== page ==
This kind of tension-thinking surfaces again when Keller spends a chapter looking at the sovereignty of God, quickly followed by a chapter exploring the suffering of God. God is in control, yes, but he has suffered in Christ. Indeed he grieves and is with us in suffering. He says that these truths need to be held together, not contradicting but instead complimenting one another. He suggests it’s a Platonic error to see God as incapable of emotions or suffering, but also an equally dangerous error to believe God is incapable of stopping all suffering. Still, “We should trust him because he’s earned our trust on the Cross. So we can trust him even when he hasn’t yet shown us the reason why. He is good for it.” (p154).
Again, Keller advocates for the double dynamic of lament and trust in the midst of suffering. He points out that some Christian writers gravitate towards the complaints of Job, or the laments of the Psalms as the right way to process pain, while others (usually traditionalists) argue that we should always trust God’s unfathomable wisdom and sovereignty. “The fact is both sets of texts are in the Bible and they are both important. We should not interpret one group in such a way that it contradicts or weakens the assertions of the other.” (p255).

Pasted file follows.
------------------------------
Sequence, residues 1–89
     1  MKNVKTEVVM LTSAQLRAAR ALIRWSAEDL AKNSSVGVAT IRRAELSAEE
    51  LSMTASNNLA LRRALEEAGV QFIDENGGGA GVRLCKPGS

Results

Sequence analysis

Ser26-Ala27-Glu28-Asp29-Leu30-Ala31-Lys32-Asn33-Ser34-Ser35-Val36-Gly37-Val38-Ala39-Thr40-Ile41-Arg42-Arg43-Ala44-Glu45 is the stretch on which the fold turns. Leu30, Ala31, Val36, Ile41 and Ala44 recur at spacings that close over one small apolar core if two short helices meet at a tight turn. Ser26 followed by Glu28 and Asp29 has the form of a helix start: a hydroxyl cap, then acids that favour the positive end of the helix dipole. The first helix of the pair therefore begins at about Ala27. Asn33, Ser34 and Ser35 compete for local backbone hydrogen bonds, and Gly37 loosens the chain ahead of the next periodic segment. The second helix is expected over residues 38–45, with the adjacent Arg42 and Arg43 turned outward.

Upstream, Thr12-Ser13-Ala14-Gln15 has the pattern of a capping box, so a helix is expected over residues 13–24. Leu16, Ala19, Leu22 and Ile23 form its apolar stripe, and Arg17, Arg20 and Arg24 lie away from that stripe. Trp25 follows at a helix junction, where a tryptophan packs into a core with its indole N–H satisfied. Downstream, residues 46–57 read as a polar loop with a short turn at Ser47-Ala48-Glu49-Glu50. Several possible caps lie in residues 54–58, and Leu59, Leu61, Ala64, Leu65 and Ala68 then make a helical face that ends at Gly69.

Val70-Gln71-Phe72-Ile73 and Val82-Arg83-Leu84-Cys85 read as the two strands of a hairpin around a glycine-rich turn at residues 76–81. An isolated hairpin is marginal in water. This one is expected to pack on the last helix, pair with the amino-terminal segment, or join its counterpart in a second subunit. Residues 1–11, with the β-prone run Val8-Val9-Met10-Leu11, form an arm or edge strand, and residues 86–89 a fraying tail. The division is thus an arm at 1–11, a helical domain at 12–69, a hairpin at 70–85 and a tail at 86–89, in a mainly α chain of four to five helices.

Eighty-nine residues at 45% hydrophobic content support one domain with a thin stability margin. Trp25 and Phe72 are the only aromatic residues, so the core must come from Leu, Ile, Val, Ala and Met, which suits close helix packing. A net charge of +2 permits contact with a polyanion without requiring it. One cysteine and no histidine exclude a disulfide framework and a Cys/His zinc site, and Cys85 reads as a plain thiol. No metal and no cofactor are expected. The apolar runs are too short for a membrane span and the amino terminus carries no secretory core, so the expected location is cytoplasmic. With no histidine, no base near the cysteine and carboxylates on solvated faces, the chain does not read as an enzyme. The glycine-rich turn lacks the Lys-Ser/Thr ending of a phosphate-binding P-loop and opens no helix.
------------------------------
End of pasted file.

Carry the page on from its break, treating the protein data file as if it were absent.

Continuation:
I’m sure I’m making this book sound abstract and philosophical, but it’s not. It’s quite empathetic and practically useful. One very helpful feature is that most of the chapters end with a personal testimony from someone who’s experienced deep suffering. These are all incredibly moving.
While parts of the book do tackle the “big questions”, the last third (entitled Walking With God in the Furnace) is full of practical wisdom. Keller knows what suffering looks like; he has survived cancer, as well as losing a younger, gay brother to AIDS. He acknowledges the reality of suffering, and the need to express lament, confusion and even anger. Still, even in the midst of that, God is there, and he knows what it is to have suffered.
But what I love about this book, is that Keller doesn’t hold up one truth at the expense of another. He is determined to live in the biblical tension. So he advocates trust in a God who will somehow weave even suffering into his perfect plan. And most especially, a God who has suffered for us in Jesus.
I think that my answer to the question of, “Did God cause me to suffer like this?” would be a little bit different now. Perhaps it would look a bit more like this…
“I don’t know. But here’s what I know: God has suffered, and he is with you and for you in your suffering. He knows what it’s like. Also, God is good. He’s shown us what he’s like on the cross. Sometimes his ways are beyond our understanding, but we can trust him. And lastly, he is powerful. As hard as it might be to see right now, he can use even this for good. One day you will be healed and whole, every bad thing will come untrue, and we’ll see that God knew what he was doing all along.”